Meet The First Thai And First Female Managing Director Of Starbucks Thailand
Nednapa Srisamai was an avid coffee drinker long before she became managing director of Starbucks in Thailand in early 2018. As a student studying for a bachelor’s and then master’s degree in commerce and accounting at Thammasat University she says she fuelled herself on the heady bean. Following the retirement of former MD Murray Darling, Nednapa became the first Thai and first woman to be appointed managing director for Starbucks Coffee Thailand.
Having worked for the company for over 14 years, she was corporate services director prior to her promotion with a record performance. The 55-year-old has been instrumental in the company’s excellent financial operations and was recognised for the local expansion of Starbucks—from 75 branches when she first joined to over 320 branches nationwide to date. “Starbucks believes in equality and diversity amongst their employees, and I am deeply honoured to be given this opportunity.”
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In addition to fostering and managing strategies alongside a host of other responsibilities, Nednapa drops in on different Starbucks branches frequently. “I’ve come to realise how crucial communication is. I am focused on getting to know our staff and taking a hands-on perspective.” Hence, there is always one day in the week when she doesn’t go to the office. “Instead, I visit at least four outlets across the city. It is important to meet our partners and by partners I mean our staff—every Starbucks employee is given a single share, a symbolic gesture to show that the company also belongs to them. We want our people to know they each play a crucial role in the business and are valued. Every morning I have a cup of coffee at our outlet at Exchange Tower, where the firm has its headquarters because it gives me an opportunity to talk to the baristas,” she says.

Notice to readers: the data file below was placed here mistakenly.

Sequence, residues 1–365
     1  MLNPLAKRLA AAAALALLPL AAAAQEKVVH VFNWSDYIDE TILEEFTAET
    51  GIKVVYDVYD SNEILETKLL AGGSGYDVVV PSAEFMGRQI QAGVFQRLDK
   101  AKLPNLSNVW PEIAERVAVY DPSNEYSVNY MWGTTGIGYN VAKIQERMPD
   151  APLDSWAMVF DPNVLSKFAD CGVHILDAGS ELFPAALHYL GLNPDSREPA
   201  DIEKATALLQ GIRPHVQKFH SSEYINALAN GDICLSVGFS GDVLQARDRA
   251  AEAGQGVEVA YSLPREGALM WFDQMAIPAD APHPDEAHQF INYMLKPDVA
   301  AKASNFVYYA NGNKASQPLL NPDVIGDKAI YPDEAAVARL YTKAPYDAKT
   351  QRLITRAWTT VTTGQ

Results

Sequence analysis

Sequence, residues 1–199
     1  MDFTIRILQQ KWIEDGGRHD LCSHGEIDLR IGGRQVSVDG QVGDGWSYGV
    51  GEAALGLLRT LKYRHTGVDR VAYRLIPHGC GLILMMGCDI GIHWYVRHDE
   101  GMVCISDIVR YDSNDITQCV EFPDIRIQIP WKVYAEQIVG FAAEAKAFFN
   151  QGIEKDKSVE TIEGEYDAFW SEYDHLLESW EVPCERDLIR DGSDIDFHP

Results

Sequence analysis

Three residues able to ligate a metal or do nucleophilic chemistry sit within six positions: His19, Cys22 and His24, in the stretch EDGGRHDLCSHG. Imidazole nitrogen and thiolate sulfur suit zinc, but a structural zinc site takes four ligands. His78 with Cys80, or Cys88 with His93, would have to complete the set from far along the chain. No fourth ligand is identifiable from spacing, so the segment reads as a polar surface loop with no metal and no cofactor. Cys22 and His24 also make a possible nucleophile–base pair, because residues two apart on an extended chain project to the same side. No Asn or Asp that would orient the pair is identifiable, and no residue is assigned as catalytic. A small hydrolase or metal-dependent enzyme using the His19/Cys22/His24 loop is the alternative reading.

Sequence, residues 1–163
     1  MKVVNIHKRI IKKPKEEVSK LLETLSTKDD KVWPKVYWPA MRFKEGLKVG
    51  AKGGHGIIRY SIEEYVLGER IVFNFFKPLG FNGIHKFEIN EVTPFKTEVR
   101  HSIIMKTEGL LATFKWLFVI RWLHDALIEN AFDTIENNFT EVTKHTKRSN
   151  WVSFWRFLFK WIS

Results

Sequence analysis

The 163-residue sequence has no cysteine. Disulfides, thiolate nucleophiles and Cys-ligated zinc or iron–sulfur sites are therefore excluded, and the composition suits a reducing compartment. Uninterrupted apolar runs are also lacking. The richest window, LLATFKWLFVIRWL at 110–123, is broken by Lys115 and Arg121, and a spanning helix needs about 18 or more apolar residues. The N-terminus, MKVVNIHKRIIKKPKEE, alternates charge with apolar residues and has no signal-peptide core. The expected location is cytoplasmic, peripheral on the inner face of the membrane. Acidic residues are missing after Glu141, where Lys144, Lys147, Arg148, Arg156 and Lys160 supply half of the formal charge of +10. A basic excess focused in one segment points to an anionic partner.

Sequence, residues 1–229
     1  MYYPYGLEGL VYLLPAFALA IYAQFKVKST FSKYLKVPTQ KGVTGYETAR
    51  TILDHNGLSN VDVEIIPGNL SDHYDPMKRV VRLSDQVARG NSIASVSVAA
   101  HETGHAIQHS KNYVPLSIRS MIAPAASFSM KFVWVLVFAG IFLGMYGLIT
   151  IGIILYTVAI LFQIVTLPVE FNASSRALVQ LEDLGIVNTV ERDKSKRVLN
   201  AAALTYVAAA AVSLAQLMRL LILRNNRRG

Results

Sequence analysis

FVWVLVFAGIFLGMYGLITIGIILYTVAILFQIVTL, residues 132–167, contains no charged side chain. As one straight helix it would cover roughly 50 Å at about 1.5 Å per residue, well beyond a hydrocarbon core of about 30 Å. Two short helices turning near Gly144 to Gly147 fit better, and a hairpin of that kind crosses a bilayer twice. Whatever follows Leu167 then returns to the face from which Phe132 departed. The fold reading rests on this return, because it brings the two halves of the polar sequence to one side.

Starbucks is becoming better known for its efforts to tackle environmental issues—introducing thermos flasks and other recyclable materials—and earlier this year launched reusable hot and cold cups to reduce its environmental footprint further and encourage sustainability. “We’ll continue to work with all related parties to find sustainable solutions and we will encourage our customers to choose reusability whenever possible,” the executive explains.
Nednapa is also enthusiastic about the local CSR projects undertaken by the company. “Every year, for example, we have an outing through which Starbucks employees and baristas can sign up to visit hill tribe villages and meet coffee producers. It’s great because not only can our people see and understand the coffee cultivation process from its roots, they can also form bonds with the farmers.” The initiative has also spawned other activities, including a series of Starbucks Coffee workshops for which interested customers can book a place and learn about coffee making.
Married to businessman Ruchira Srisamai and the mother of two children now young adults, Nednapa gets away from the rigours of running a large business by losing herself in quaint activities that reflect her calm and kind disposition. “I love collecting stamps and miniature figurines and I do cross-stitch,” she laughs. “Now that I think about it, I really enjoy crafts and hobbies that require time and patience.” But then, comparing herself to a cold-foam espresso that is full of surprises, she admits that driving is another passion and, time allowing, she loves taking long road trips. Energetic and bursting with enthusiasm, she has plenty of mileage in the tank yet.
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